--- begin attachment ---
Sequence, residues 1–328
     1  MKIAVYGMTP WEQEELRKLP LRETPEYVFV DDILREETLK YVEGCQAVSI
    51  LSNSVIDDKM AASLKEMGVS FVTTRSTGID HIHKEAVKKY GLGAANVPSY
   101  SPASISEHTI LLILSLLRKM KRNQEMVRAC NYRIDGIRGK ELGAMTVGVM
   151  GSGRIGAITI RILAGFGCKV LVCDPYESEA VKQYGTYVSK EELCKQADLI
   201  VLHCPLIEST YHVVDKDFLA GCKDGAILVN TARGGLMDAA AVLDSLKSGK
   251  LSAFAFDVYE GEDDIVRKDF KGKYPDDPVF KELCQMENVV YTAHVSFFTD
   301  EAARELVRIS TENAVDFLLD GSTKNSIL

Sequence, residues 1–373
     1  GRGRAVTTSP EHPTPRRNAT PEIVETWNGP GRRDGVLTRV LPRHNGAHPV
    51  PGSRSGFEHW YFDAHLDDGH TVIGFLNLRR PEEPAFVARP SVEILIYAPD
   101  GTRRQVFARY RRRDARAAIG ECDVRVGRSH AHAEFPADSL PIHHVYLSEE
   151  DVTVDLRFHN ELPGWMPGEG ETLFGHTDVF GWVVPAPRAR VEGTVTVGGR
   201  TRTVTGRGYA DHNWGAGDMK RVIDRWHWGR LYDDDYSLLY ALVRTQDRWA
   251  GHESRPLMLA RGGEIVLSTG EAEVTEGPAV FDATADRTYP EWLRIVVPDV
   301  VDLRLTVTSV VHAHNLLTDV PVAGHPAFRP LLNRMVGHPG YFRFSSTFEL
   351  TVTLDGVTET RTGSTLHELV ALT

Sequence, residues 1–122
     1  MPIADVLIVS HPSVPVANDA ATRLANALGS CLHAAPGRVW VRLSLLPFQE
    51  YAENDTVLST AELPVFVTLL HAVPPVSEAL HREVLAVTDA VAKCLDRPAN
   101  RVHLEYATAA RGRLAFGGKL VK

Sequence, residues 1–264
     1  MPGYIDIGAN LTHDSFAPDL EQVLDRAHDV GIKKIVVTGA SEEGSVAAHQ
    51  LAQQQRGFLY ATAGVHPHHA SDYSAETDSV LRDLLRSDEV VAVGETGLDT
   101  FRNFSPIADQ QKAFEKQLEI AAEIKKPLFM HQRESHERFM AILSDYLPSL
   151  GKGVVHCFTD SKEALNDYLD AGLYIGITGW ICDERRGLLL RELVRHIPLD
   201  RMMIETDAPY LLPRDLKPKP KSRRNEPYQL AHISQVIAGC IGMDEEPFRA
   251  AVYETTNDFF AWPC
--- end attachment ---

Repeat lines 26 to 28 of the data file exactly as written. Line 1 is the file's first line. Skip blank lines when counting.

   151  GKGVVHCFTD SKEALNDYLD AGLYIGITGW ICDERRGLLL RELVRHIPLD
   201  RMMIETDAPY LLPRDLKPKP KSRRNEPYQL AHISQVIAGC IGMDEEPFRA
   251  AVYETTNDFF AWPC